|Beatrix Hyemin Choi, Rivfka Shenoy, Dina Levy-Lambert, Jason C Fisher, Sandra S Tomita
Context: Abdominal compartment syndrome in children carries a mortality of 40–60%. Although definitive treatment for this condition traditionally involves decompressive laparotomy, percutaneous catheter drainage of associated ascites is described as an alternative to laparotomy in adults. Aims: We explored the safety and efficacy of percutaneous catheter drainage of intraabdominal fluid for reversing abdominal compartment physiology in a critically-ill cohort of small children. Materials and Methods: We reviewed records of all children undergoing percutaneous catheter drainage for abdominal compartment syndrome from 2014 to 2018 in a single institution, excluding those who required drainage for other indications. Bedside sonogram-guided drainage using Seldinger technique or Penrose drain placement was performed by the pediatric surgical service, with drains removed on the resolution of compartment syndrome physiology and fluid output of <10 mL/day. Primary outcome measures were improvement in compartment physiology over 24 h. Statistical Analysis: Data were analyzed using descriptive statistics and paired Wilcoxon signed-rank tests. Statistical significance was assumed at P < 0.05. Results: Ten children ranging from 1.1 kg to 38 kg underwent 11 percutaneous catheter drainage procedures for abdominal compartment syndrome secondary to blood, serous fluid, air, or a combination. Significant physiologic improvement was seen across multiple variables including pulse rate, pH, and lactate. No patients later required decompressive laparotomy. Four patients died due to their primary disease. Conclusion: Percutaneous catheter drainage is safe and efficacious in reversing abdominal compartment physiology in children with intraabdominal fluid, and can be considered prior to surgical intervention when clinically appropriate.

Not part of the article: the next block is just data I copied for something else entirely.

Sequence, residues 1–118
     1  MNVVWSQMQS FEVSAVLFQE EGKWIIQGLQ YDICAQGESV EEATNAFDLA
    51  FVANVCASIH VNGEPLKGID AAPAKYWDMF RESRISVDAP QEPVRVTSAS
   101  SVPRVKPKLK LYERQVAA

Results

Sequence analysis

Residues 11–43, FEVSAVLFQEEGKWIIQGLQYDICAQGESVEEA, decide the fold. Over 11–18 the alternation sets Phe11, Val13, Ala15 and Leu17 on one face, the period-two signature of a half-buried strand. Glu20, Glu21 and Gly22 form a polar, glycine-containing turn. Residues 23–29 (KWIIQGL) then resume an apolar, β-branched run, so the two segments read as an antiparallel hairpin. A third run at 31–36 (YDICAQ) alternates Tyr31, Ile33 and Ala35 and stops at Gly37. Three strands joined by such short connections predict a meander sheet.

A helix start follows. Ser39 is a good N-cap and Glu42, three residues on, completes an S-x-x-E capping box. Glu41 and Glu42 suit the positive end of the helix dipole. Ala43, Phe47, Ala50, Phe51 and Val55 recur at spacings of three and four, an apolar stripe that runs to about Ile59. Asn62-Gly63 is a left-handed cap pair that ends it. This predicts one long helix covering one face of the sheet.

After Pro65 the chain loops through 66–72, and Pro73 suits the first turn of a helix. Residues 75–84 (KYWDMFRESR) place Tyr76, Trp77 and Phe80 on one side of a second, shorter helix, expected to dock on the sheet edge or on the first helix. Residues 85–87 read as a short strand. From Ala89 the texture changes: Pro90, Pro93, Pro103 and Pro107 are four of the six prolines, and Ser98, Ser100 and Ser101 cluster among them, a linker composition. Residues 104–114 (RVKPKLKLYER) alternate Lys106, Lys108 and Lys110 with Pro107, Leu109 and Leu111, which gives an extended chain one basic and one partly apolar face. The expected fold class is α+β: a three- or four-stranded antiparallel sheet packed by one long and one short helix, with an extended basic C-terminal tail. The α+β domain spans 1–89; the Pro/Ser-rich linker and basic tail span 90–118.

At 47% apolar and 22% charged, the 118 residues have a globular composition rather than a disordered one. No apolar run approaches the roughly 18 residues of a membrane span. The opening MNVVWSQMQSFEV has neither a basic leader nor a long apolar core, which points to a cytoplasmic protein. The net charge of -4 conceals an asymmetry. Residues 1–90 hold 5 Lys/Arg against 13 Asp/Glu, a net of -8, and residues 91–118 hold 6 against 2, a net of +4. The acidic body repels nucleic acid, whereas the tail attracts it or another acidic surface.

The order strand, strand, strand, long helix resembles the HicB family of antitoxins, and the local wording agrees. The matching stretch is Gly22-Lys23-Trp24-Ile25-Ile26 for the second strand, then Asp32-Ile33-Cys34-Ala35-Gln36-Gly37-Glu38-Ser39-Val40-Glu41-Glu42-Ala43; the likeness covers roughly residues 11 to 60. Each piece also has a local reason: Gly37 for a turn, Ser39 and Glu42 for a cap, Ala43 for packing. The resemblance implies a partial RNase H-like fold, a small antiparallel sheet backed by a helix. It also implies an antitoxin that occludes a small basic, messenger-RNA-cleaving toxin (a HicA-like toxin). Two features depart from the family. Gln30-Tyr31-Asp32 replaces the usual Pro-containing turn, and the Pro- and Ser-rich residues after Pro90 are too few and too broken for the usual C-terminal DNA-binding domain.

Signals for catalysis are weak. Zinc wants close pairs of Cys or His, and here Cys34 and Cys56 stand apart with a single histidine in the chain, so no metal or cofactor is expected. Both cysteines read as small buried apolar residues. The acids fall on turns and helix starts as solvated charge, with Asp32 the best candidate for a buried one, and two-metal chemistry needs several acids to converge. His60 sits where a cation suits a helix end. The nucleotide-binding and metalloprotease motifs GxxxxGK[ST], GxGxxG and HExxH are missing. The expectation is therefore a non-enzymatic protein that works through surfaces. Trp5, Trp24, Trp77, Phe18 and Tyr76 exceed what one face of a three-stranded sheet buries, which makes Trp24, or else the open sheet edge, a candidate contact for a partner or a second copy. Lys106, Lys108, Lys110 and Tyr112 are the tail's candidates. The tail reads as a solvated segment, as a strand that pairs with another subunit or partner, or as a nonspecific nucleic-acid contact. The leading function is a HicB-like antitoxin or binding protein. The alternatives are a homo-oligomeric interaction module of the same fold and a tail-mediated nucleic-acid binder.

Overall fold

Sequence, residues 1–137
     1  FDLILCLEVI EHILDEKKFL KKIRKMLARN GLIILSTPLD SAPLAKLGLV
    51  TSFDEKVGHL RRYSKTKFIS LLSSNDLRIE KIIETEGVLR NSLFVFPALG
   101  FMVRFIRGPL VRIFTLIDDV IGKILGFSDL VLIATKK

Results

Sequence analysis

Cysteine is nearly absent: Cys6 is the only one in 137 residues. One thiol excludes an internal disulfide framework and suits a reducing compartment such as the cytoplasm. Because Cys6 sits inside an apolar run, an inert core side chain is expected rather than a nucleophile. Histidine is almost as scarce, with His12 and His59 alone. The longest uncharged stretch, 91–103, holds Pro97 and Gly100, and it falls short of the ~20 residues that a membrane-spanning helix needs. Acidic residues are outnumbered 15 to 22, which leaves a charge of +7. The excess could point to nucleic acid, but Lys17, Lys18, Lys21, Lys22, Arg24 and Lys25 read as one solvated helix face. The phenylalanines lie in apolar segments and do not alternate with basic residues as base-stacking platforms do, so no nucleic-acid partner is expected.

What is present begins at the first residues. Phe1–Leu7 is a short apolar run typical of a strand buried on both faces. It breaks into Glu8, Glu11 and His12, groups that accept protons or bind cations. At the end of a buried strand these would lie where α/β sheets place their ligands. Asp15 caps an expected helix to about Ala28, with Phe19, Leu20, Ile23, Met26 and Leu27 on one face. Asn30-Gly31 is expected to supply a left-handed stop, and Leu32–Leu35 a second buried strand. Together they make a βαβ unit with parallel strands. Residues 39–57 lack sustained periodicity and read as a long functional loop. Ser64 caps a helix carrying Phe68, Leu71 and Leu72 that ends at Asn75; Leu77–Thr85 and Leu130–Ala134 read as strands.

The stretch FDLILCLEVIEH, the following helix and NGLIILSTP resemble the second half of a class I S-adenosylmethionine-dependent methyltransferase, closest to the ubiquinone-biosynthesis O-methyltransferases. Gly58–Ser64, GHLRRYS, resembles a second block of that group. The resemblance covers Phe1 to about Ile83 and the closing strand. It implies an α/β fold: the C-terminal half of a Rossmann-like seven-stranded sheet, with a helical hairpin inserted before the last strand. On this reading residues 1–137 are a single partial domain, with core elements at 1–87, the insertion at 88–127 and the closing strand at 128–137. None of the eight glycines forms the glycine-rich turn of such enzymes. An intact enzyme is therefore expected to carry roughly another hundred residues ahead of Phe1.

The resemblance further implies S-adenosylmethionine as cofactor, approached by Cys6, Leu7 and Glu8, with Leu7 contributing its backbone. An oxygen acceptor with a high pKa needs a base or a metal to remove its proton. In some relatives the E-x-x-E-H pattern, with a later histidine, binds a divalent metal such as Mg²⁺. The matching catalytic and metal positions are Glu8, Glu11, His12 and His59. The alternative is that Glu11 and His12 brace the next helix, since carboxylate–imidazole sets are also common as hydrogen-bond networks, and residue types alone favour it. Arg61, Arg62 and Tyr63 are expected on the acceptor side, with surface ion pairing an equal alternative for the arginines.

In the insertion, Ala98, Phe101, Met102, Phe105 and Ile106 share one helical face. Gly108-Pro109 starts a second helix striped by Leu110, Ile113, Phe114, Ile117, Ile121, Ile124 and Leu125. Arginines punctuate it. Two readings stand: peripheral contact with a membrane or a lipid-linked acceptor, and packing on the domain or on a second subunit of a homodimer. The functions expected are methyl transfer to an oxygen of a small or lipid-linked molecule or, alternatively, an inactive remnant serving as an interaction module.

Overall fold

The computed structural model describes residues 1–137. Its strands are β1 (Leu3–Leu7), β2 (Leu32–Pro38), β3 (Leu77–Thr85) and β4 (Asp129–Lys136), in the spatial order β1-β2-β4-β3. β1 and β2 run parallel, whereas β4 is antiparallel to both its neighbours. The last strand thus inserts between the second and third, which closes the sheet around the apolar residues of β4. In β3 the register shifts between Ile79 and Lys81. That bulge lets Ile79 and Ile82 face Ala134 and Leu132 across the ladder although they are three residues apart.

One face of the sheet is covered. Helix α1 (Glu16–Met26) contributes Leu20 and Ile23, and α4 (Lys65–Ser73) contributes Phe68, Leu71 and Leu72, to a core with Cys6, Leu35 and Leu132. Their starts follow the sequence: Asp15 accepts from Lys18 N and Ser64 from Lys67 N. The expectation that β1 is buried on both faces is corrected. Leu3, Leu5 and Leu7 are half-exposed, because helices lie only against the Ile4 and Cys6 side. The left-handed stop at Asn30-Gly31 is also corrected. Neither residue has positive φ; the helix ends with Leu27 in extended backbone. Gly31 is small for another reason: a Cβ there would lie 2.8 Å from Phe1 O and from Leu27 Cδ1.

Pandemics of the coronavirus SARS-Cov-2 has been circulating the world since the beginning of 2020 in several waves leaving behind many millions of affected individuals and very many fatalities. In children, the course of the disease has generally been milder that in adults; however, there was a wide range of possible serious complications observed including the pediatric fatalities. In this article, we review possible complications of COVID-19 in children and also focus on the role of pediatric primary care practitioners in the diagnosis and management of this serious disease.